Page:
Apparently, Bernie believes he has a “path towards victory.”
By know, however, I think it is quite apparent that the victory he refers to is defined by dragging his opponent as far to the progressive left as possible before bowing out and putting his full-fledged support behind Hillary 2.0 (or whatever version she’s currently at).
Democratic presidential candidates Hillary Clinton, left, and, Sen. Bernie Sanders, I-Vt., argue a point during a Democratic presidential primary debate at the University of Michigan-Flint, Sunday, March 6, 2016, in Flint, Mich. (AP Photo/Carlos Osorio)
Sanders was initially viewed as the Democrat’s side show—a half-crazy/odd fellow that furthered the narrative that Hillary was going to fight a “tough” primary against serious candidates.
Nobody, despite Debbie Wasserman Schultz’s repeated insistence to the contrary, believed that any of the other Democratic candidates had half a chance of competing for the nomination. Yet, as Sanders began to build momentum and a large base, Clinton soon realized that “far-left leaning progressivism” was the new hotness. Since then, she has quickly painted herself as a legitimate progressive—a progressive who likes to get things done.
Consider some of the apparent deviations to the left Clinton has made this primary cycle: Opposition to Keystone Pipeline, Trans-Pacific Partnership, same-sex marriage, and financial reform.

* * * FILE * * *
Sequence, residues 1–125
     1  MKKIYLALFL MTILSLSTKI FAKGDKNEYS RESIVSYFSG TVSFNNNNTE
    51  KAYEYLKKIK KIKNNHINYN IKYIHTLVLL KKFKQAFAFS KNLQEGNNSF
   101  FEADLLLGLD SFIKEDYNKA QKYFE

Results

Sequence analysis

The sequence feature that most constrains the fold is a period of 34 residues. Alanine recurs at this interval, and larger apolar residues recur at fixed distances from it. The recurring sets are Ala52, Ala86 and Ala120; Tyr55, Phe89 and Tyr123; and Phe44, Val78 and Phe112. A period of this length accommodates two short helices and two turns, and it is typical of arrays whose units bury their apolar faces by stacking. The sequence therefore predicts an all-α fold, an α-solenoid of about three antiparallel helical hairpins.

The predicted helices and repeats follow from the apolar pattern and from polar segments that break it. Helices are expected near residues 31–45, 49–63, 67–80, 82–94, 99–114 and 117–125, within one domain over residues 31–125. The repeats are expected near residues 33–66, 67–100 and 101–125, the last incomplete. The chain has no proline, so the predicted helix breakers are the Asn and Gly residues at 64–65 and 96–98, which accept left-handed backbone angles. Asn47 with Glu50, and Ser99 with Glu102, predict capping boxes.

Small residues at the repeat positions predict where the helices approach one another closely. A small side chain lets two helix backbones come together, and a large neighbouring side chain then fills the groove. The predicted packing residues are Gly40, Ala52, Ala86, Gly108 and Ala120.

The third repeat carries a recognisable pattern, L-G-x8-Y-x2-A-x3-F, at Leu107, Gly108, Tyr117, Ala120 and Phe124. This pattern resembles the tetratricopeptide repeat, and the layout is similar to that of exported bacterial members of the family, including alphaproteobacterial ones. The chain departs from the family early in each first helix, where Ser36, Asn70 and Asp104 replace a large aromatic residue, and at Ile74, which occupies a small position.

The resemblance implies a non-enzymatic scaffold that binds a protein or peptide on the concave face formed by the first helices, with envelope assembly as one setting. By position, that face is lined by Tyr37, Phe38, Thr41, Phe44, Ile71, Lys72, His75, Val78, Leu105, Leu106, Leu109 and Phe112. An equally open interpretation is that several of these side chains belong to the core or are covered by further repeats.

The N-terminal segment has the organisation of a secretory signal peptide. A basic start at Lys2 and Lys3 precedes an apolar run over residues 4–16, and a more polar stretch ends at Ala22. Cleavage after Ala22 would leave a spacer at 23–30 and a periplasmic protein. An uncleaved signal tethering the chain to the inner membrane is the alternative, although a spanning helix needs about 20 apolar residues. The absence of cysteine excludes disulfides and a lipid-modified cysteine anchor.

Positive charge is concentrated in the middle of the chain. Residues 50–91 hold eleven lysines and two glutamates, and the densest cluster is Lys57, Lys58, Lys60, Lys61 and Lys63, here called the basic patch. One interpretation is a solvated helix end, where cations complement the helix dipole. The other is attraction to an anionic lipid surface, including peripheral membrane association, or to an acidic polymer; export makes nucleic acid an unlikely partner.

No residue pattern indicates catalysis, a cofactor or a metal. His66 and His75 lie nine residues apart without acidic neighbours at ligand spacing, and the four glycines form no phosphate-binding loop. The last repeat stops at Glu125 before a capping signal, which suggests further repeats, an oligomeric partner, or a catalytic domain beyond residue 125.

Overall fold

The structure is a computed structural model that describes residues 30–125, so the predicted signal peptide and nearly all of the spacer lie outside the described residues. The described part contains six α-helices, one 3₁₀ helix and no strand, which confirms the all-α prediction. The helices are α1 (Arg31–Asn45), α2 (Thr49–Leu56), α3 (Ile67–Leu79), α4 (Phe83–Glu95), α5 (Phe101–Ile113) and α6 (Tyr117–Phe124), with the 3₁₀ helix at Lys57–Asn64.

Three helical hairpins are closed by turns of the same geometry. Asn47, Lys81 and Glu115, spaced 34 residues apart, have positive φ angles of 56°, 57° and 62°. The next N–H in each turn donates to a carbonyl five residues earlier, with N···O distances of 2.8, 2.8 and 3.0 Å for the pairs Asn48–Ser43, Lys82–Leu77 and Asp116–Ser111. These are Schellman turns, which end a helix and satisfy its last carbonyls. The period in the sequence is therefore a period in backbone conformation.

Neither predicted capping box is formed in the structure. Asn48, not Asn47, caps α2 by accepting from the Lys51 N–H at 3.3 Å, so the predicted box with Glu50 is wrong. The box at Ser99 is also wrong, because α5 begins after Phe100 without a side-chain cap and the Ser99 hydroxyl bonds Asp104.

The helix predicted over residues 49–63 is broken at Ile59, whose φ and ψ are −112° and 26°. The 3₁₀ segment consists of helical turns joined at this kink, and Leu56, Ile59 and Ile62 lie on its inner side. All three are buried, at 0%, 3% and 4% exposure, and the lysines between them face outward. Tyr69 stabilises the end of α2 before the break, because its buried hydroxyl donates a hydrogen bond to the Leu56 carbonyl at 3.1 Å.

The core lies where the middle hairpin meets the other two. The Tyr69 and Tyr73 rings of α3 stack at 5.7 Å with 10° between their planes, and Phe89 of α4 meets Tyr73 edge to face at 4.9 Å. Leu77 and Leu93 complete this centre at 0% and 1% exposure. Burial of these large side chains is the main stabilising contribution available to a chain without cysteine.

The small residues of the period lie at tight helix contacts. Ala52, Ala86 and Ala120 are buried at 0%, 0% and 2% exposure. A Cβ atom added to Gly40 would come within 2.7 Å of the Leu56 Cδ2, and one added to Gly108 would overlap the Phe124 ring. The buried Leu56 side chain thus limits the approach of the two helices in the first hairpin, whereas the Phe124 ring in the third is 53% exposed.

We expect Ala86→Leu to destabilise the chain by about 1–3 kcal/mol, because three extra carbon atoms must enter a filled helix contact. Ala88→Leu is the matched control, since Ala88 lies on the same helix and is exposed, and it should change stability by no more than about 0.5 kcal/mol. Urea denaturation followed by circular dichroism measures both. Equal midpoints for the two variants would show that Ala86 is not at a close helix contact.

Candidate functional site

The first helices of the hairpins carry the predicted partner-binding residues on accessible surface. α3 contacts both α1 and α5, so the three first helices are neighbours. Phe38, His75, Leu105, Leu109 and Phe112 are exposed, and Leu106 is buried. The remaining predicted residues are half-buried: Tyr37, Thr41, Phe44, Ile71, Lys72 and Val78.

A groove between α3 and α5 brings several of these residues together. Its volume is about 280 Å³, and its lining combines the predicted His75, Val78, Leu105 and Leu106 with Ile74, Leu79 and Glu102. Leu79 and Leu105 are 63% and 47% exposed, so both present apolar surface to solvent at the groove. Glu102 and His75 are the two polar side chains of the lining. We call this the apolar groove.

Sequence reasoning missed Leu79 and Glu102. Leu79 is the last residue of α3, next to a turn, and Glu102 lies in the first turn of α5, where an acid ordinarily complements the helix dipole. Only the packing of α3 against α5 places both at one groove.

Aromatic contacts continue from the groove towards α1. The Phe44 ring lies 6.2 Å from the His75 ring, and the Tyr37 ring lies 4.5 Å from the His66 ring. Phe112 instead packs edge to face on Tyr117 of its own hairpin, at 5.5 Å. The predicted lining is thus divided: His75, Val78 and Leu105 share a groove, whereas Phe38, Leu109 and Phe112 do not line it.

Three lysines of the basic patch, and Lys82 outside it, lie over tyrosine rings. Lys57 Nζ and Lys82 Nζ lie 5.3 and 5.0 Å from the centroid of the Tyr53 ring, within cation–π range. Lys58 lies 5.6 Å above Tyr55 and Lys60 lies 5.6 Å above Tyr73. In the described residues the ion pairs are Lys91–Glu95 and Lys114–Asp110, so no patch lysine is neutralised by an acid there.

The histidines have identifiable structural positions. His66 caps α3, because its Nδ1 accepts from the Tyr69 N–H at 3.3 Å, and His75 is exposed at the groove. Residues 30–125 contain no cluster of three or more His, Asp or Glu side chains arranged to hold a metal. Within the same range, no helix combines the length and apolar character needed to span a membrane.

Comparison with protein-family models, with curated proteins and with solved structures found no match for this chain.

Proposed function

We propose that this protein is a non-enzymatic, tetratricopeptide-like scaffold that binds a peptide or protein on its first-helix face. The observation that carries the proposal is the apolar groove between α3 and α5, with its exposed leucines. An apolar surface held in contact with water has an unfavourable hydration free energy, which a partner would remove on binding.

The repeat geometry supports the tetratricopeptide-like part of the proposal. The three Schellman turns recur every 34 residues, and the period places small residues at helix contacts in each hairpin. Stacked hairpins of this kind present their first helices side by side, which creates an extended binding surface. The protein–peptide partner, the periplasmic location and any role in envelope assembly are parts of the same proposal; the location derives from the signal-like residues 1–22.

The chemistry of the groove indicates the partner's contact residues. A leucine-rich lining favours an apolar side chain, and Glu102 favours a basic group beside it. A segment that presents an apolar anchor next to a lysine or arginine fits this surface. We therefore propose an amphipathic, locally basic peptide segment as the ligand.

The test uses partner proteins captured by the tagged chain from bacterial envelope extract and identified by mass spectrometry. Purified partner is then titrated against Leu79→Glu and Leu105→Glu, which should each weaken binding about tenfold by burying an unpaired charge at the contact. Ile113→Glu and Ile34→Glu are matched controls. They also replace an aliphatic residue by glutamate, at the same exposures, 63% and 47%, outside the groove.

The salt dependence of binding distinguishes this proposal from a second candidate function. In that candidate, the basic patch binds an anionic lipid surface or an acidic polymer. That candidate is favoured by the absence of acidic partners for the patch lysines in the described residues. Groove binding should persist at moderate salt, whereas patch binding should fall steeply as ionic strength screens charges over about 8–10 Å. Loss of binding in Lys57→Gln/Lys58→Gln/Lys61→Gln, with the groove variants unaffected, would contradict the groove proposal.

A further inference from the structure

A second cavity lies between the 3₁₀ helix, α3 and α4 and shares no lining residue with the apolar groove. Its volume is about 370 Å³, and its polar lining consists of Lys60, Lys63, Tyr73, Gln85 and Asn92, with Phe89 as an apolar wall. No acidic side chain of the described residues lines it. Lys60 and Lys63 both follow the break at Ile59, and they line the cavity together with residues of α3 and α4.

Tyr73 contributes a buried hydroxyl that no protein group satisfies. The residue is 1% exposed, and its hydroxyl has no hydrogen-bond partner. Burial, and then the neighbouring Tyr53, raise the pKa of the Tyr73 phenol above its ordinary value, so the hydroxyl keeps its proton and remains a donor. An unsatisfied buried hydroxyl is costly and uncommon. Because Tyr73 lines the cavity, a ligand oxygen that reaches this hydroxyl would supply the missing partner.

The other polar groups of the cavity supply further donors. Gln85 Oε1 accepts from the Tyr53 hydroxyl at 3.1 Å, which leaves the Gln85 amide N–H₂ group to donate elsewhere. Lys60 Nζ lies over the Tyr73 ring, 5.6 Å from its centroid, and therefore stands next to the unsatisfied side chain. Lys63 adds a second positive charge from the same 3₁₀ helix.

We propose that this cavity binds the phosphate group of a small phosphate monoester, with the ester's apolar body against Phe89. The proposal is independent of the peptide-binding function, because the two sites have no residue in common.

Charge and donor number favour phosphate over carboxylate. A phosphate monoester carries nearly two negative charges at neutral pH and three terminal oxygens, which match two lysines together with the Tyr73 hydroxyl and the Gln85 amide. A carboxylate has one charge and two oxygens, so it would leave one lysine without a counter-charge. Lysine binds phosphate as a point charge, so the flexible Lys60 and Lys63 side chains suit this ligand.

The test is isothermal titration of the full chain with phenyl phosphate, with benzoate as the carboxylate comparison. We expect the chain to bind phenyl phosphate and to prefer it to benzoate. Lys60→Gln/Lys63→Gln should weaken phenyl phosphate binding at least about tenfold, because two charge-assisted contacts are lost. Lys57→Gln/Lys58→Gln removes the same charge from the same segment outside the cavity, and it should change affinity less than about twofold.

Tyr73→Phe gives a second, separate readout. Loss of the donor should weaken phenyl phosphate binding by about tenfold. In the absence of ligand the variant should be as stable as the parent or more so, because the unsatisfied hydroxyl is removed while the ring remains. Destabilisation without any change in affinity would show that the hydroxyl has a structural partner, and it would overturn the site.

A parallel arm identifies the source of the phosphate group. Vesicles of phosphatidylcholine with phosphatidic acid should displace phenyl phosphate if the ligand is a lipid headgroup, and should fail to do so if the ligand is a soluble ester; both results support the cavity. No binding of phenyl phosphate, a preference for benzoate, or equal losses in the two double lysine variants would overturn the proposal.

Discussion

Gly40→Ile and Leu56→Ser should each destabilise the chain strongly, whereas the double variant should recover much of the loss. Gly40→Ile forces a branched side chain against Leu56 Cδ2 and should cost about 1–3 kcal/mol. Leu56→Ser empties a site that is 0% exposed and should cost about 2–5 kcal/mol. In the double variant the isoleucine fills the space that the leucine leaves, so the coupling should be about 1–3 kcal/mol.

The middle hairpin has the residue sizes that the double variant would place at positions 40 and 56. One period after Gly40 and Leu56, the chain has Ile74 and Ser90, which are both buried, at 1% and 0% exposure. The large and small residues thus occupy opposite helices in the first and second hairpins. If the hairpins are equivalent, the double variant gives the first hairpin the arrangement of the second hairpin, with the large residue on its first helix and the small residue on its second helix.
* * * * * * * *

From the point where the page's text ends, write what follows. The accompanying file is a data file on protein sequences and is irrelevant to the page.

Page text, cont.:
As Jeff Cohen so eloquently argues:
- Promoting Fracking worldwide is not progressive
- Boosting corporate-friendly trade deals is not progressive
- Enabling military coups is not progressive
- Pocketing millions from corporate lectures fees is not progressive
- Escalating the Afghan War is not progressive
- Chaotic military intervention in the Middle East and Libya is not progressive
On the minimum wage, Hillary favored a $12 per hour minimum wage in November 2015. Since then, at an MSNBC town hall in February 2016, she adopted Sanders’ position of raising the federal minimum wage to a $15 per hour “living wage.”
On environmental issues, Sanders’ “Keep It in The Ground Act,” bars coal extraction on federal lands. Concerning this legislation, Sanders stated, in November 2015, "I don’t want to speak for Hillary Clinton, but I would hope that Hillary Clinton will join Jeff Merkley and myself on this issue.”
Hillary’s stated position in 2015 was, “not until we’ve got the alternatives in place…I think I would have to take the responsible answer.” Eight months later, however, she’s proudly proclaiming: “We’re going to put a lot of coal miners and coal companies out of business.”
It’s quite telling that Saturday Night Live devoted a campaign ad skit of Clinton that documented her steady transformation into Bernie Sanders—in policy, appearance, and rhetoric. At the end of the ad, she states, “So thank you millennials for lending your support to the biggest outsider Jew in the race—Hillary Rodham Clinton.”
Even the mainstream media is taking advantage of this progressive slippery slope.